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Dijla Wal Furat: Between the Tigris and the Euphrates

Theatre Review by Howard Miller

Perri Yaniv and Temesgen Tocruray.
Photo by Bjorn Bolinder

Dijla Wal Furat: Between the Tigris and the Euphrates, playwright Maurice Decaul's examination of the early stages of the 2003 U.S. invasion of Iraq, serves as a potent reminder that war is one of the more pointless enterprises in which humanity engages with great and repetitive frequency.

The 90-minute play, presented by Poetic Theater Productions at the Wild Project, opens on a bare stage and sets the tone with a soundtrack of dissonant piano chords and a steady, nerve-wracking clanging sound, like that of a pile driver. After a couple of minutes, the noise transforms into the sounds of battle. Two Iraqi soldiers—Marid (Fahim Hamid), a staunch supporter of Saddam Hussein, and Labib (Ankur Rathee), who would just as soon walk away from the unfolding insanity—are hunkered down with their weapons and arguing about the merits of their purported cause in defense of the repressive regime.

And then, in a flash, Labib is killed. But while his physical self may be destroyed, his spirit lingers on and seeks to join with Marid's body, forcing the latter to leave the battleground and make the trek to the home of Labib's mother in Baghdad. There will be no peace for Marid until he fulfills this new mission.

We continue to follow their story on and off through the rest of the play, but we also spend time with four U. S. Marines, both in full battle mode and in quieter moments in which we see the mounting toll of their psyches. Embedded with the troops is a French journalist, Ines (a terrific Katie Zaffrann), who is tasked with observing interactions between the soldiers and the Iraqi civilian population.

Some of the strongest emotional moments occur when Ines is on the scene. She is a tough one, with lots of experience as a war correspondent, but it is through her eyes that we see the pain and suffering of all of the willing and unwilling participants. Among these is Mahmoud (Ali Andre Ali), a civilian engineer who is hopeful that the Americans will kill Saddam and then leave.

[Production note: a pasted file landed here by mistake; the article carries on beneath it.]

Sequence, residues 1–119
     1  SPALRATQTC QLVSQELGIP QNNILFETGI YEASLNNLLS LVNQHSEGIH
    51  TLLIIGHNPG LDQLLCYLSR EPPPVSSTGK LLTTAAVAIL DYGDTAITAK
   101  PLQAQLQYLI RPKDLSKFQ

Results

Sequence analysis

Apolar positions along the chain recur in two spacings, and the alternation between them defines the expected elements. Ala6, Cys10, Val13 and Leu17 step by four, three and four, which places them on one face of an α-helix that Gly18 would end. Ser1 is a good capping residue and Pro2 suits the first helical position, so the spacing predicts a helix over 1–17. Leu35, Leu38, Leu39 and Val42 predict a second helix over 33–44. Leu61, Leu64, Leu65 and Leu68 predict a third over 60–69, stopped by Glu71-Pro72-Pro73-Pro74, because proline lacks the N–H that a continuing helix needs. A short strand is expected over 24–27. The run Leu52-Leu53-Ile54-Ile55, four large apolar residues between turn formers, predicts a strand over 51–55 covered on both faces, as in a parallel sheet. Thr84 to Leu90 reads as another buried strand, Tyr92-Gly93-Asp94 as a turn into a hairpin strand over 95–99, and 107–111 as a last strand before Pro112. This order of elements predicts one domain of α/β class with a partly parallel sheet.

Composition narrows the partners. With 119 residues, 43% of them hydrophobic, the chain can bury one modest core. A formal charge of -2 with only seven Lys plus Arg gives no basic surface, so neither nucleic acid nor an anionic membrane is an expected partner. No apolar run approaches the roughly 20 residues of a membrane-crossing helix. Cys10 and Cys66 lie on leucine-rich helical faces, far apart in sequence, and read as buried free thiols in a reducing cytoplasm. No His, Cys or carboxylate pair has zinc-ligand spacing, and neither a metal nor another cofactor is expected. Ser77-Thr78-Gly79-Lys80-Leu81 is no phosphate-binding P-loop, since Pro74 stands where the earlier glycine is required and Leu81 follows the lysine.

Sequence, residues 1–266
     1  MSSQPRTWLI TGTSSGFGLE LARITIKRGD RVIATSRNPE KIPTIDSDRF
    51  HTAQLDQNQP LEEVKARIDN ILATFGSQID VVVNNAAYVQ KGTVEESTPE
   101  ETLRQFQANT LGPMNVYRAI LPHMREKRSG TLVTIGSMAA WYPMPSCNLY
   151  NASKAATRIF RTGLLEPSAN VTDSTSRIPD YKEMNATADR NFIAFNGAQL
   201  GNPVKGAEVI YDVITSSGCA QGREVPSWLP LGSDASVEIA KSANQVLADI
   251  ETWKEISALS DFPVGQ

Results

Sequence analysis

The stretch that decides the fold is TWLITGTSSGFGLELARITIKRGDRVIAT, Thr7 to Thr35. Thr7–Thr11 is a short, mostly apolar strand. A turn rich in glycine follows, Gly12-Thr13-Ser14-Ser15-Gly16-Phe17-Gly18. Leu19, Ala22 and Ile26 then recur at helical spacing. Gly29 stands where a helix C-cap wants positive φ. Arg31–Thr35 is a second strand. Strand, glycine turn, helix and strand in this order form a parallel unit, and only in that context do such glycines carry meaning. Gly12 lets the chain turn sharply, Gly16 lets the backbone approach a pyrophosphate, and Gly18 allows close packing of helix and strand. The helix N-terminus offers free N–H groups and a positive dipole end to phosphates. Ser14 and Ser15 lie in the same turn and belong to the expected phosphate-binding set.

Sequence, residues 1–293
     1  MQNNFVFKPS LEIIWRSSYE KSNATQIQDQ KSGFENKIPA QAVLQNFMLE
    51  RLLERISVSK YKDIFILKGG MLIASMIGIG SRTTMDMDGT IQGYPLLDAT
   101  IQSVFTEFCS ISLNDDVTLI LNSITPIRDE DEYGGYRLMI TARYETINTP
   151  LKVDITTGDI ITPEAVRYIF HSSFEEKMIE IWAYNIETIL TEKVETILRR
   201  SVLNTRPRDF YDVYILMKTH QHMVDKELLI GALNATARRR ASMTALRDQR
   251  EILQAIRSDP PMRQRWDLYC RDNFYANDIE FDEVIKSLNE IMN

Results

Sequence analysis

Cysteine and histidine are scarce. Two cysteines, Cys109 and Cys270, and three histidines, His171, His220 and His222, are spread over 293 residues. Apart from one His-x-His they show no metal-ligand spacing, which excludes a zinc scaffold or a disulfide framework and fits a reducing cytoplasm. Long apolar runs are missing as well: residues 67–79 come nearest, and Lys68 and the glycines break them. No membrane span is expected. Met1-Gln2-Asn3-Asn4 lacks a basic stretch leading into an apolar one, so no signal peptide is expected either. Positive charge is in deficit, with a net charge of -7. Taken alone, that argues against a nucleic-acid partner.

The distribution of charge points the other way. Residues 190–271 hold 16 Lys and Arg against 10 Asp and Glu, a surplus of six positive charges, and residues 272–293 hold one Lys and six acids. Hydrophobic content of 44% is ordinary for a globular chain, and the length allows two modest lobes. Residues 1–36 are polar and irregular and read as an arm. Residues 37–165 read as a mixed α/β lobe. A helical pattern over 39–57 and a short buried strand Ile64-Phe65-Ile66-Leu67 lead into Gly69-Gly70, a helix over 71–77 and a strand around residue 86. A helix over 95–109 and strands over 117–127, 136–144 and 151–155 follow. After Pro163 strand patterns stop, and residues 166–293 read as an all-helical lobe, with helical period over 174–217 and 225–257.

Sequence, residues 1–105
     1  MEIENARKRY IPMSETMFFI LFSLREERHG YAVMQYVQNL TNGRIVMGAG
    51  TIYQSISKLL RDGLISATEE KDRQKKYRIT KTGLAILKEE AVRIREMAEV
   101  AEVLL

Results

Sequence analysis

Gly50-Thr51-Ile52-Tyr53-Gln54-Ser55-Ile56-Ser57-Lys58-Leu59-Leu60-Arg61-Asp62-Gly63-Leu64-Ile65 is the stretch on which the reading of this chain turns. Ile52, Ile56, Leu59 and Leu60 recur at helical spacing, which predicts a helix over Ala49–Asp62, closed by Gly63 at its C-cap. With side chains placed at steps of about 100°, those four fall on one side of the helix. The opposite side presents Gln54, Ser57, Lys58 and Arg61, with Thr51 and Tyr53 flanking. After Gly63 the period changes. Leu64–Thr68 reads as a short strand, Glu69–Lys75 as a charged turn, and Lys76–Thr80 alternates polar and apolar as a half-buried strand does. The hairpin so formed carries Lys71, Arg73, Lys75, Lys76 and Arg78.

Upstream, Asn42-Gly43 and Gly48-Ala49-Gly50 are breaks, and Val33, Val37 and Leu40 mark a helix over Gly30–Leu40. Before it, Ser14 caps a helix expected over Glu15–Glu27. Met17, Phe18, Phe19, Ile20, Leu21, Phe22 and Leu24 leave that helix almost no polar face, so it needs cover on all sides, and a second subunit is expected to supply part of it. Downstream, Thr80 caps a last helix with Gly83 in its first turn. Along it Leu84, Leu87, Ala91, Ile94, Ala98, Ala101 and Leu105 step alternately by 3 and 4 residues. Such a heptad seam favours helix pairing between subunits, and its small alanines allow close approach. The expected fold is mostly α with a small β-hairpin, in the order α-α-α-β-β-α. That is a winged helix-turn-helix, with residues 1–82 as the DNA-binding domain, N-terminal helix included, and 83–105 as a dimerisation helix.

But like so many, Mahmoud's life is upended when his home is destroyed and his young daughter is killed. As he wanders into the Marine encampment, seeking to pass through to a place where he can bury her, he is turned away. Here, Ines steps out of her observer's role and tries to intervene, but she, too, is rebuffed. This entire scene is carried out in Spanish, the only common language that allows for communication between Mahmoud (who studied engineering in Cuba) and the Americans, represented by a Spanish-speaking Marine named David (Nabil Viñas). It is a testament to the writing and to the actors' skill that the language barrier does not interfere with the audience's complete understanding of the interaction.

The performances under Alex Mallory's direction are first-rate all around. In addition to those previously mentioned, the company includes Victory Chappotin, Perri Yaniv, and Temesgen Tocruray as the other three Marines. The battle scenes are depicted through the very effective use of Jaime A. Diaz's sound design and Derek Miller's lighting design, and the realistic costumes are by Liene Dobraja.

As in the actual war, the play does not have a clear and decisive ending. But without being overly political (no mention of weapons of mass destruction, for instance), it makes it point, clearly and emphatically. As Mahmoud says as he walks off, still holding on to his daughter's body: "esto está mal."

Dijla Wal Furat: Between the Tigris and the Euphrates
Through February 21
the wild project, 195 East 3rd Street between Avenues A & B
Tickets online and current Performance Schedule: OvationTix

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